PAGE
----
Tafamidis in Patients with ATTR-CM

In a 2018 paper, the phase 3 ATTR-ACT investigators demonstrated treatment with tafamidis led to reductions in all-cause mortality and cardiovascular-related hospitalizations, and directionally positive echocardiographic findings in patients with transthyretin amyloid cardiomyopathy (ATTR-CM), compared with placebo.1 Although these data are undoubtedly positive, the relationships between these clinical benefits and observed differences in cardiac remodeling between treatment-naïve and tafamidis-treated patients had not yet been well-defined. A study using a prospective heart failure registry at the Medical University of Vienna aimed to determine the impact of tafamidis treatment on cardiac amyloid deposition and relevant biomarkers in patients with ATTR-CM.

Patients diagnosed with ATTR-CM between May 2015 and June 2020 were screened for eligibility. Patients were excluded if they had the presence of a TTR mutation or were unable to undergo baseline cardiac magnetic resonance (CMR) imaging and follow-up with late gadolinium enhancement (LGE) and T1 mapping.

Of the 125 patients with ATTR-CM screened for eligibility, 69 patients with wild-type ATTR-CM were considered eligible for the study, which included 3 cohorts: treatment-naïve control cohort (n = 19), tafamidis 20-mg cohorta (n = 15), and tafamidis 61-mg cohort (n = 35). CMR was performed at baseline and at a median follow-up of 9, 11, and 12 months for the tafamidis 61-mg group, tafamidis 20-mg group, and control group, respectively.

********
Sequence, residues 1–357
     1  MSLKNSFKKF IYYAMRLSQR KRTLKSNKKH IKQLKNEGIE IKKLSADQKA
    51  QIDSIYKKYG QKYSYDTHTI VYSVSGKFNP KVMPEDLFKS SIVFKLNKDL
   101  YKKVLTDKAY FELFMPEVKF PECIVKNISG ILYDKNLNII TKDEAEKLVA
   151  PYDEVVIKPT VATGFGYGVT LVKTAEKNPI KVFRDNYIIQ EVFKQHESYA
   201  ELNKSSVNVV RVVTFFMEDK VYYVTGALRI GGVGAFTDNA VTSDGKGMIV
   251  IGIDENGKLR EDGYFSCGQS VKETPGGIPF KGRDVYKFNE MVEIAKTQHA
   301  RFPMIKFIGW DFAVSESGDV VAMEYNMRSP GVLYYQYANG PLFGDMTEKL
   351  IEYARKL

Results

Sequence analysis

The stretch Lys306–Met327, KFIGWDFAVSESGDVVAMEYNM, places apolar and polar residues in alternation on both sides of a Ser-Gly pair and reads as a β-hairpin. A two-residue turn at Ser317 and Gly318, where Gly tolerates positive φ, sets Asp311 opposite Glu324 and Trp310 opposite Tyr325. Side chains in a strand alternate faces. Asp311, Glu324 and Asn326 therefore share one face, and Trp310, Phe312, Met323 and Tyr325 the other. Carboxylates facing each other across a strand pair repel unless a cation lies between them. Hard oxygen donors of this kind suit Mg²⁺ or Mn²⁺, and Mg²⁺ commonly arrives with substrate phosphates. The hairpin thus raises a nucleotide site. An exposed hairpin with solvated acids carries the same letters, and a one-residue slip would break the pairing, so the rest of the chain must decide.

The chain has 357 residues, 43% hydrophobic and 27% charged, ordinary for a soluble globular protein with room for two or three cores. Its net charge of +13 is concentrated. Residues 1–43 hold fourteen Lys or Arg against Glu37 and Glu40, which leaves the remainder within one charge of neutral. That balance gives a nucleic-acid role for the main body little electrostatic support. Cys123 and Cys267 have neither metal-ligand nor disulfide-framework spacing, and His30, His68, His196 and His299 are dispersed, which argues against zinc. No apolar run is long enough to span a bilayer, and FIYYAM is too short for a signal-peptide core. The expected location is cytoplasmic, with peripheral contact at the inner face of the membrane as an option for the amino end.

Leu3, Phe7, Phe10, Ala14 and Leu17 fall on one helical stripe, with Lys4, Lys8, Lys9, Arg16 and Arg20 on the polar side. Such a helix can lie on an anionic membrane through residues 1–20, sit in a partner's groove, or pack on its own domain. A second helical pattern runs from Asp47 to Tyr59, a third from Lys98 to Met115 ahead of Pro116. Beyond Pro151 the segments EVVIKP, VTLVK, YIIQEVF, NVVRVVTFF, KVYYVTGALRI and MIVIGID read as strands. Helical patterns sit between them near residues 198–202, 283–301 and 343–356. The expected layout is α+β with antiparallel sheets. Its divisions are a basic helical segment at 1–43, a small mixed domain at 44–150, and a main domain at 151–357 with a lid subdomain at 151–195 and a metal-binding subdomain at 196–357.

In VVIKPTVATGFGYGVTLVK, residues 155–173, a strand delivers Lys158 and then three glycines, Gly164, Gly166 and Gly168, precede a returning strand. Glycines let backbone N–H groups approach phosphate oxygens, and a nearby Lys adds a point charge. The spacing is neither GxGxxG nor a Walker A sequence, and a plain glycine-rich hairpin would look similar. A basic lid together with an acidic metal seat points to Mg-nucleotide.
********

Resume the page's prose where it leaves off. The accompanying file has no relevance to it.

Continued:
Significant beneficial effects were seen for the tafamidis 61-mg patients in left ventricular mass index (LVMI; P = .036), extracellular volume (ECV; P = .030), LGE pattern (P = .015), and left ventricular ejection fraction (LVEF; P = .035) compared with treatment-naïve patients who experienced increases in LVMI and ECV, LGE-pattern progression, and LVEF decline. The tafamidis 61-mg cohort also saw significant benefits in New York Heart Association functional class (P = .004), 6-minute walk distance (6MWD; P = .005), and serum N-terminal pro B-type natriuretic peptide levels (NT-proBNP; P = .002) compared with the control group. In contrast, CMR findings in the tafamidis 20-mg cohort and the control cohort did not significantly differ. However, clinical comparison of these 2 cohorts favored the tafamidis 20-mg cohort in serum NT-proBNP levels (P = .003) and 6MWD (P = .023). When comparing CMR parameters with cardiac biomarkers longitudinally, a significant positive correlation between ECV and serum NT-proBNP levels was discovered for the entire study population (P = .034).

These results provide evidence that treatment of patients with ATTR-CM with tafamidis 61 mg daily delays cardiac changes compared with treatment-naïve patients. Despite these positive findings, further research should be conducted with longer study durations to gain a better sense of the long-term impact of tafamidis on cardiac structure and function changes.a The dosing for the tafamidis 20-mg cohort was based on the approval in transthyretin-mediated amyloid polyneuropathy.


  1. Maurer MS, Schwartz JH, Gundapaneni B, et al. Tafamidis treatment for patients with transthyretin amyloid cardiomyopathy. N Engl J Med. 2018;379(11):1007-1016.


Rettl R, Mann C, Duca F, et al. Tafamidis treatment delays structural and functional changes of the left ventricle in patients with transthyretin amyloid cardiomyopathy. Eur Heart J Cardiovasc Imaging. 2022;23(6):767-780.

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